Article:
The OEIC versus bond debate is ongoing and adapts yearly with the tax environment, essentially always navigating the tax concessions available, and as with all financial products ‘suitability’ is the key to the actual client.
Open Ended Investment Companies (OEICS) as direct investments have 3 opportunities for tax free income:
- The personal allowance
- The Savings allowance on interest of £500
- The dividend allowance of £2000
Lower tax on dividends of 7.5%, 32.5%, and 38.1% above the allowance according to tax bracket are also beneficial from a planning perspective.
But to complicate things, some will not be able to avail of themselves of all the above breaks tax wise. For a business owner who relies on income from dividends, the personal allowance is likely to have been ‘consumed’, along with the dividend allowance in entirety- hence the only benefit will be the savings allowance of £500. Furthermore, pensioners will often have a fixed income which exhausts the personal allowance.
The optimum portfolio size if relying on OEICS peaks at £60,000-£65,000, as above this, the dividend allowance will likely be wiped out, together with the savings allowance on interest earned on portfolios over £15-16,000.
The further capital gain tax allowance of £11,700 is available to OEICS on sale or transfer of the asset, and the liability to tax above the allowance on the gain is dependent on tax bracket (10% for basic rate, and 20% for higher rate payers). If they are held until you die they do not attract any capital gains tax but are re-based (after IHT!) for the person who inherits them wiping out all gains at that point.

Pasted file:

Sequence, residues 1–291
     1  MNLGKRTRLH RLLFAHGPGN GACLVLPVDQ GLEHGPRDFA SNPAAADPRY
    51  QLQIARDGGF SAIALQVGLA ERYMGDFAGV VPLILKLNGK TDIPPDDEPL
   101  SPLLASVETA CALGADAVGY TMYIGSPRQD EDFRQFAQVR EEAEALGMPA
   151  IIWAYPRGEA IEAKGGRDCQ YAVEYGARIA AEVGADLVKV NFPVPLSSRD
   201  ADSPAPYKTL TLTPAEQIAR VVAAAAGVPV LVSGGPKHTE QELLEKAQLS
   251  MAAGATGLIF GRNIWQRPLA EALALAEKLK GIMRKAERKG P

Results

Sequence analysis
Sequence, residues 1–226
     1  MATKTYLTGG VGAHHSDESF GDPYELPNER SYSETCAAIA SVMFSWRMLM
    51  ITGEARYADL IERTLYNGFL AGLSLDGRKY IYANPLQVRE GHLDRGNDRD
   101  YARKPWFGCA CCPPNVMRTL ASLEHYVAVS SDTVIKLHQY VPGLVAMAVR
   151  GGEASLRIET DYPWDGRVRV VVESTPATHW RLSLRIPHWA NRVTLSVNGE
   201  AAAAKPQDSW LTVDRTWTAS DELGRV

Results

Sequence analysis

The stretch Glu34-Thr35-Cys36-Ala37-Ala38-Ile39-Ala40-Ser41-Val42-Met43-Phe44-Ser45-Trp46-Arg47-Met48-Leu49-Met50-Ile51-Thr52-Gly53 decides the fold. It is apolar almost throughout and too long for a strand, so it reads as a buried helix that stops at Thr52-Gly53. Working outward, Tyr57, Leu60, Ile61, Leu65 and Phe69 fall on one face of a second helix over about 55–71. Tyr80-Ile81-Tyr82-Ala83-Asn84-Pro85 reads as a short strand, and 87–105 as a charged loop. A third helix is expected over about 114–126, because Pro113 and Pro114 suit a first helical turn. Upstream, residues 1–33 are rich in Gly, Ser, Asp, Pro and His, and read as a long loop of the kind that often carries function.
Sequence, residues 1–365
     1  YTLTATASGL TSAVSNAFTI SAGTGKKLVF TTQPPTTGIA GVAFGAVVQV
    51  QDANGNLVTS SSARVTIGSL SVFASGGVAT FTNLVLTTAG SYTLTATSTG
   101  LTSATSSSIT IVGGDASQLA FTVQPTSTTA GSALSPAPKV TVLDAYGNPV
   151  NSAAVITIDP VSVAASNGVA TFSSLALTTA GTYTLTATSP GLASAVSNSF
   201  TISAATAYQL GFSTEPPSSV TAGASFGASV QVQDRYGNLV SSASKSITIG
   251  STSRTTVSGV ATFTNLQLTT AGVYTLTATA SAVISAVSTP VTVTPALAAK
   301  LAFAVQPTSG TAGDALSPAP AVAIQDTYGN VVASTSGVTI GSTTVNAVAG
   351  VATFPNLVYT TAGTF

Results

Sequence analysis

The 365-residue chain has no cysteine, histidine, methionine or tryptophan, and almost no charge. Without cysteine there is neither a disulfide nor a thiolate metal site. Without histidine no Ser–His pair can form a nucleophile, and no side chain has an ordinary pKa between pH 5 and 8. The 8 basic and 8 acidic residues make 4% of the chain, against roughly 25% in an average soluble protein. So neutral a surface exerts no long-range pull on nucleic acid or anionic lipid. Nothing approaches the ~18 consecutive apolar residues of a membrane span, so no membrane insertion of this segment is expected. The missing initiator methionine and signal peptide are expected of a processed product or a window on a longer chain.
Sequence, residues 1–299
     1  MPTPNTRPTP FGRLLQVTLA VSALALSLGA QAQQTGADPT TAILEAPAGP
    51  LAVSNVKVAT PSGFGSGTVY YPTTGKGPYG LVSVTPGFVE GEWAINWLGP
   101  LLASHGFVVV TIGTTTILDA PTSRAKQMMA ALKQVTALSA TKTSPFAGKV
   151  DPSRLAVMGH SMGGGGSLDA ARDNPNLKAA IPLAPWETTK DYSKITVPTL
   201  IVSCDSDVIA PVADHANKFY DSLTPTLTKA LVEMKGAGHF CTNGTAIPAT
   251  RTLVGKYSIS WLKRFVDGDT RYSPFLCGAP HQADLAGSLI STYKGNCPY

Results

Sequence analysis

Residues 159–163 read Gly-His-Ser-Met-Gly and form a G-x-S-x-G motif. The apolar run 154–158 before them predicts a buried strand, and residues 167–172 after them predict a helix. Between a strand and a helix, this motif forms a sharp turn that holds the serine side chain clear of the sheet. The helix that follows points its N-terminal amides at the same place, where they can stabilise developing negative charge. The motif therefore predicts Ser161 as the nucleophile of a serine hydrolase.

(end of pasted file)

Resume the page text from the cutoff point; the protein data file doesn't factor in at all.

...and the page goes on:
If you choose to wrap your OEICS in a bond, either offshore or onshore, the CGT is not applicable on sale of an OEIC, provided the asset remains within the bond.
Bonds owners are taxable in the event of a ‘chargeable gain’ as opposed to a Capital Gain where the portfolio is concerned. Essentially these are only triggered once a withdrawal is made that exceeds any allowance. This clearly allows more flexibility in terms of management of the assets of the portfolio, where the only parameter from a tax perspective is the amount that can be withdrawn annually tax deferred within the 5% drawdown facility, and the portfolio is by and large able to grow with little liability to tax.
OEICS within an onshore bond will be taxable at 20% on the interest earned within the bond, but Off shore bonds are exempt from this. And dividends are exempt in both scenarios.
Bonds therefore allow an efficient way of re-balancing portfolios without cumbersome administrative process and unnecessary tax charges. They can be gifted with no tax charge arising and for the larger portfolios (which will be more than likely held by higher rate tax payers) they will require less management to avail of tax breaks.
With any good debate there are good arguments from all vantage points, and thus potentially the bottom line is there is no bottom line. Bonds, OIECS or BOND and OEICS, suitability is “key” and the art of the good planner will likely include a diverse approach with exposure to all, according to suitability.